This week, parshat Shemini discusses the differences between kosher and non-kosher animals, concluding with the pasuk, “To distinguish between the unclean and the clean and between the animals that may be eaten and the animals you may not eat.” (Vayikra 11:47)
At first glance, this pasuk seems a redundant conclusion to a parsha all about making these distinctions. But according to the commentary Sforno, this verse actually shows us the reason behind the laws of kashrut: to teach us to distinguish between the prohibited and permitted. This might seem like circular logic, but what Sforno means is that the Torah is teaching us that the act of making these distinctions is itself a holy act.
Eating is just about the most physical activity one can engage in: you eat food, your body is satisfied, you have the strength and nutrition to go about your day. But as humans, we are more than just physical, instinctive creatures; we have a spiritual dimension designed to elevate every physical act we engage in to the level of holiness. This week’s parsha teaches us that the act of eating can itself be a spiritual experience. By placing our material needs within a larger structure of kashrut, eating becomes an expression of oneness with God rather than a purely physical function. The act of distinguishing between what is kosher and what is not transforms our eating into a special moment of spiritual intentionality (this is not to mention the added dimension of saying blessings over our food before and after eating as well!).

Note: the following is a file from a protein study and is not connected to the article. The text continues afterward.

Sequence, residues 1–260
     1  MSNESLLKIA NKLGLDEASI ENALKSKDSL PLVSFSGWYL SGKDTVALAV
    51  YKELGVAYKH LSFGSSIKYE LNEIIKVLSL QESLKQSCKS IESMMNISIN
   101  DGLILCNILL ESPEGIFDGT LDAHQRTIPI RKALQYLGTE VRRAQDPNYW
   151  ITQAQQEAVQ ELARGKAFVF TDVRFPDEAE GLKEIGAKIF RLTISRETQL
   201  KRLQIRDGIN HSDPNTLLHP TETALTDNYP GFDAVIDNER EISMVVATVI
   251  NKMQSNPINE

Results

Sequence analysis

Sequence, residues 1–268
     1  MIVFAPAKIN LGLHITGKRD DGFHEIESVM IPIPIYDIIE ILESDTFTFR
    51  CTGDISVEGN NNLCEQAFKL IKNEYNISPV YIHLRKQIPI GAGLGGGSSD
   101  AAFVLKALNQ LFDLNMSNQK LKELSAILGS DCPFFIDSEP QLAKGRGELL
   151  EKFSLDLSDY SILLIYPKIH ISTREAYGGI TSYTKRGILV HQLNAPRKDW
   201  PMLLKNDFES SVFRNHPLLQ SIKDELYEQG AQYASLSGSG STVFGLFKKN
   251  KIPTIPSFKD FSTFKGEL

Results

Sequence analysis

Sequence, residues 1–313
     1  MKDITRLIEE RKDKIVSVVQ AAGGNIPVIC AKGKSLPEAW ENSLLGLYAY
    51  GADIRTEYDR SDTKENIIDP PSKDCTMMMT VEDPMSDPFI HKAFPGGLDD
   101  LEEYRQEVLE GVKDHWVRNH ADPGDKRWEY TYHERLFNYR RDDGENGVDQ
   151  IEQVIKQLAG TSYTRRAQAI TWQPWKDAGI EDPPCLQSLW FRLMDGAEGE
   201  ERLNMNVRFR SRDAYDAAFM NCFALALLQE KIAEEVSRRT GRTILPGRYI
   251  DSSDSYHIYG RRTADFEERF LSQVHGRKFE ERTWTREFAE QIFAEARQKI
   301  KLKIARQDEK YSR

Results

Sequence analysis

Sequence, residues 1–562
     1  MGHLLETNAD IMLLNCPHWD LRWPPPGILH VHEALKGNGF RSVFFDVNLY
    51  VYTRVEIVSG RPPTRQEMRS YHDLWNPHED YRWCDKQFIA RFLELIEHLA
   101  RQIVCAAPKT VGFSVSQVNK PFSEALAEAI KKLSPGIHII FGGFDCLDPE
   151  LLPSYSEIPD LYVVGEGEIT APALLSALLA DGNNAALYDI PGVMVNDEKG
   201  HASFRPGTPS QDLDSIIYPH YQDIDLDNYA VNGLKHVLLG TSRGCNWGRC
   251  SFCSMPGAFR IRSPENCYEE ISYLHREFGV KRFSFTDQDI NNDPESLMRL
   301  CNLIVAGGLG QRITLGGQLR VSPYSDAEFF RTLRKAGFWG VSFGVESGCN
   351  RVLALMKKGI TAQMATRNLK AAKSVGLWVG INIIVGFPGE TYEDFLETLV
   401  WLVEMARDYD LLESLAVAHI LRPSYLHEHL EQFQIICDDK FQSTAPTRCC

Thinking about this makes me look forward to the meals we will share in the Cheder Ochel at camp. As this will be my first summer I have yet to personally experience this, but everyone has been telling me how much the singing, the community, the whole atmosphere of everyone coming together elevate each meal, every single day. Each person’s intentionality transforms the simple act of eating a meal in a cafeteria into a special klal Yisrael experience. I can’t wait to share these meals with you all!
Questions for the Shabbat Table:
- In what ways do you make distinctions or conscious decisions with regard to what you eat?
- Aside from eating, what do you think could be other seemingly mundane actions that you can elevate to a spiritual level?